Oftentimes, entrepreneurs and small business owners do not learn the right way to manage their accounting until they hire a new employee or business partner. This is often because those who use an accounting system every day often forget how confusing it can be for those just starting out says Aron Govil.
That’s why we’ve put together this list of 10 mistakes new small business owners often make with their accounting systems.
To avoid these mistakes, try to get out ahead of them by becoming familiar with the following common problems before you begin. Otherwise, you may find yourself in a situation where your business’s financial information is inaccurate or incomplete, which can cause some big problems down the road.
1) Incorrectly tracking income and expenses
A lot of entrepreneurs forget that expense reports are essential to documenting all of their expenditures. This can be especially difficult for those who use cash for most of their purchases. While it’s easy enough to jot down an expense on your smartphone when you make it, it isn’t always possible or practical. This means double-checking how you’re recording your income and expenses is even more important.
2) Keeping track of small business purchases as personal expenses
Another common mistake that small business owners make is failing to distinguish between what’s business expenditure and what’s a personal one says Aron Govil. For example, if you use your car for both work and pleasure, it can be easy to forget which gas fills were necessary for work and which ones weren’t. Similarly, if you do not keep separate checking accounts (one for your business and one for your personal life), or if you don’t read through each statement carefully every month, then you could end up with an inaccurate picture of how much money goes where.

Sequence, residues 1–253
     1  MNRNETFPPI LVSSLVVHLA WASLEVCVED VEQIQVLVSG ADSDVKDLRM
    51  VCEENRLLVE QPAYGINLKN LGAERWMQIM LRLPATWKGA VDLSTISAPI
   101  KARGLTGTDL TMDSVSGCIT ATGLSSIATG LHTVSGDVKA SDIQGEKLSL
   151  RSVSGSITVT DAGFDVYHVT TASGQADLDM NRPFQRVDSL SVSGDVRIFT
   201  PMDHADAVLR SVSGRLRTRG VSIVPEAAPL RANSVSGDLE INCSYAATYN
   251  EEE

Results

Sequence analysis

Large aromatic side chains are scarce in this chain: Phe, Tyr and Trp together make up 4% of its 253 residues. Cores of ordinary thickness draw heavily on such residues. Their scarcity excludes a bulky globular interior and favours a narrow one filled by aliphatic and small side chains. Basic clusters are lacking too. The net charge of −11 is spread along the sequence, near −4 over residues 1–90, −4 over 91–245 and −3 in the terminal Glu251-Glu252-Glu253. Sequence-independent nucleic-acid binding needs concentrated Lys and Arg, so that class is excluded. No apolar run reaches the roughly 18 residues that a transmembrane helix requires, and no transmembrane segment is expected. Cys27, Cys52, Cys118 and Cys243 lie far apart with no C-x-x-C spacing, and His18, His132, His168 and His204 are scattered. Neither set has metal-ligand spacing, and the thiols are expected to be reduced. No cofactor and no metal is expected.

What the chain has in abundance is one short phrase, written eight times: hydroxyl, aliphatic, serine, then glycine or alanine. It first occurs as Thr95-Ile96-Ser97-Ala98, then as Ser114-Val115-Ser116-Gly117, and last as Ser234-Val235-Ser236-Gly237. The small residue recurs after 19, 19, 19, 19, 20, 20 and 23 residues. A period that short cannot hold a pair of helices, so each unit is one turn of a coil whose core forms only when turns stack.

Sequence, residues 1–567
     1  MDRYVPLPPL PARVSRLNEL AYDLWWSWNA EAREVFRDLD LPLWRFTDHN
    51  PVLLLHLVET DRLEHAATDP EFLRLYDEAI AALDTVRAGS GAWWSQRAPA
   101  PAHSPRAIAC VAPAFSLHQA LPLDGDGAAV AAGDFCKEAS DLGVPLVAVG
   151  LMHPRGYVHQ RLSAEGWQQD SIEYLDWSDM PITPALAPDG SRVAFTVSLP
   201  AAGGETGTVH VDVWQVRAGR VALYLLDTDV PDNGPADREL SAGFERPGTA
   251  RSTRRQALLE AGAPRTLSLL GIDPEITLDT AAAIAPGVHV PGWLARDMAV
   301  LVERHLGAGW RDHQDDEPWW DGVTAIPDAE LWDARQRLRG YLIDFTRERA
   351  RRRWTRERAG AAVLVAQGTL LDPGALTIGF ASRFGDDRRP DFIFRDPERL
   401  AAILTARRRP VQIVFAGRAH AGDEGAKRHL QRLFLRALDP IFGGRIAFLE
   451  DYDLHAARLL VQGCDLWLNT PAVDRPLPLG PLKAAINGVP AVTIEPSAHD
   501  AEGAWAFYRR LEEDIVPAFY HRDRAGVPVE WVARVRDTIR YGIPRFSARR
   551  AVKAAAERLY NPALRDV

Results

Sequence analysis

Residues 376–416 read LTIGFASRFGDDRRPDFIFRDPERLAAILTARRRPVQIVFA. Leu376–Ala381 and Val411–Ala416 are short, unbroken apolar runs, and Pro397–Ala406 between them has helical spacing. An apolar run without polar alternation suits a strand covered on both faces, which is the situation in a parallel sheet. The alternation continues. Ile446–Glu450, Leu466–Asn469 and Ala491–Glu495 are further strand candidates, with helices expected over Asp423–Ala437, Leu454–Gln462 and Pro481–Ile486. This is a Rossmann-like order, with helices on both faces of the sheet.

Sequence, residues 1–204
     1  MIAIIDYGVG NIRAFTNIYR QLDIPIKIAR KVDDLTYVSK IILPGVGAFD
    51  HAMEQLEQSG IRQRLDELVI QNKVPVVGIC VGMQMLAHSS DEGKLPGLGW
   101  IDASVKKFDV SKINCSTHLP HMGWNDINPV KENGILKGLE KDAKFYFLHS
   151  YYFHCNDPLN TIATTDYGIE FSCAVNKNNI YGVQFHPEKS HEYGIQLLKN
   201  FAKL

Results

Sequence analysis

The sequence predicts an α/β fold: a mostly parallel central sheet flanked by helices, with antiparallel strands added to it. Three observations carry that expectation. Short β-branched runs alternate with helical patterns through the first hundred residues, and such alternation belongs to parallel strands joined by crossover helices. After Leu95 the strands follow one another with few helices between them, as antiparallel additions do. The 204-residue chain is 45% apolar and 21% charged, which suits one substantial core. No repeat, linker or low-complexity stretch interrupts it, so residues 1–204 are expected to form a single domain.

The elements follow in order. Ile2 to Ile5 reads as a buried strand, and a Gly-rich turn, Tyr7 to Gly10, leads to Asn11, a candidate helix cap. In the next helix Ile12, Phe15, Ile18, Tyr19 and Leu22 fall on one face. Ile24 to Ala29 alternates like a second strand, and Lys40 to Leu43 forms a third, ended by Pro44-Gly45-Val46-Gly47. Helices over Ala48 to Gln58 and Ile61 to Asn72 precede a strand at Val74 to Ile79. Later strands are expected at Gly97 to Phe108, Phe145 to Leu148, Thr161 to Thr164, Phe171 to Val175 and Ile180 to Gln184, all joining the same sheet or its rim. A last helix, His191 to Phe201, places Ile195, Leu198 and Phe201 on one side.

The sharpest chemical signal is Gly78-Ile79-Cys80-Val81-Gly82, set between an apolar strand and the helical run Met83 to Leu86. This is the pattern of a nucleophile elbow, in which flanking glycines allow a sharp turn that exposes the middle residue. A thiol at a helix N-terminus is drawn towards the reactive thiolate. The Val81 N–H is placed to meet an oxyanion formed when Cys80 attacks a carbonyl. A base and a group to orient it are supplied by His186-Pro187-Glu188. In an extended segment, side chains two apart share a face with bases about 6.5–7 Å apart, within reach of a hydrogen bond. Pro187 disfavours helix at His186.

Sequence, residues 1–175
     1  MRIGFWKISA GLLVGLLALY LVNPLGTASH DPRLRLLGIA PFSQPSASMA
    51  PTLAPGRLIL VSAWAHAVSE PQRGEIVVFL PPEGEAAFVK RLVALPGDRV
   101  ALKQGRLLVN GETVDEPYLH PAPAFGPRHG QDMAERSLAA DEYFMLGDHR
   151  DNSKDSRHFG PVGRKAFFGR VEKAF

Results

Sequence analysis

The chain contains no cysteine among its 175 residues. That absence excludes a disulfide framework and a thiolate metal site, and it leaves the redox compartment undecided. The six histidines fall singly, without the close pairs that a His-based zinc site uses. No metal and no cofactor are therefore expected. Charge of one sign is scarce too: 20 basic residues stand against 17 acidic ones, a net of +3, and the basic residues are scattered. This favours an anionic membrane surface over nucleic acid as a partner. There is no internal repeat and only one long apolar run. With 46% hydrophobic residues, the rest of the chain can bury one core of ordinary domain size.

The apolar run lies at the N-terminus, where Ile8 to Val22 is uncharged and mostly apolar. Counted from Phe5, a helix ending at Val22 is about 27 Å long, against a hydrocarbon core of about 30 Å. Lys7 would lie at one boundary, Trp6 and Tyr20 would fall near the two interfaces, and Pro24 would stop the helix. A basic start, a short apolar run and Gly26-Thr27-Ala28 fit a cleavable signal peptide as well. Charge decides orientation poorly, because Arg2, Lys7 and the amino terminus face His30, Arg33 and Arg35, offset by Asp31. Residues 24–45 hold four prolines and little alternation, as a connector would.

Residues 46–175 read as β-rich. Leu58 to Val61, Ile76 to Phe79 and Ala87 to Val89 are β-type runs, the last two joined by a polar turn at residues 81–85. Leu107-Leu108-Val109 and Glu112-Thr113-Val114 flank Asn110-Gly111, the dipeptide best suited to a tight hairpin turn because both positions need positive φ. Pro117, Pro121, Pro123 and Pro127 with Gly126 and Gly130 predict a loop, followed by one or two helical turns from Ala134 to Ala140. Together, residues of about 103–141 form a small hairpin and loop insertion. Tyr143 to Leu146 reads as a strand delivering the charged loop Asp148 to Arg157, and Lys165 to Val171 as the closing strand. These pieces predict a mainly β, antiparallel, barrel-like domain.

3) Lack of automation
Because numerous tasks such as bill-paying and accounting can be performed solely online, some small business owners strip these processes down to the bare minimum after they get started. For example, they may use a simple spreadsheet to track their income and expenses rather than leveraging an online service that creates them automatically.
4) Creating an incomplete record of your business’s transactions
Although it may seem like a good idea to track only the bare minimum of your business’s financial information, trying to do so can be very counterproductive. For example, failing to keep track of tax payments during the year means you could end up owing thousands more than expected when tax season rolls around. Similarly, not keeping close tabs on your company’s bank accounts might force you to pay fees for services that were never used or take out loans that shouldn’t have been necessary.
5) Keeping too many records
After starting their small businesses, some entrepreneurs make the mistake of keeping every record they come across-even if it isn’t directly related to their operations. For instance, they might store invoices for suppliers who don’t do business with their customers.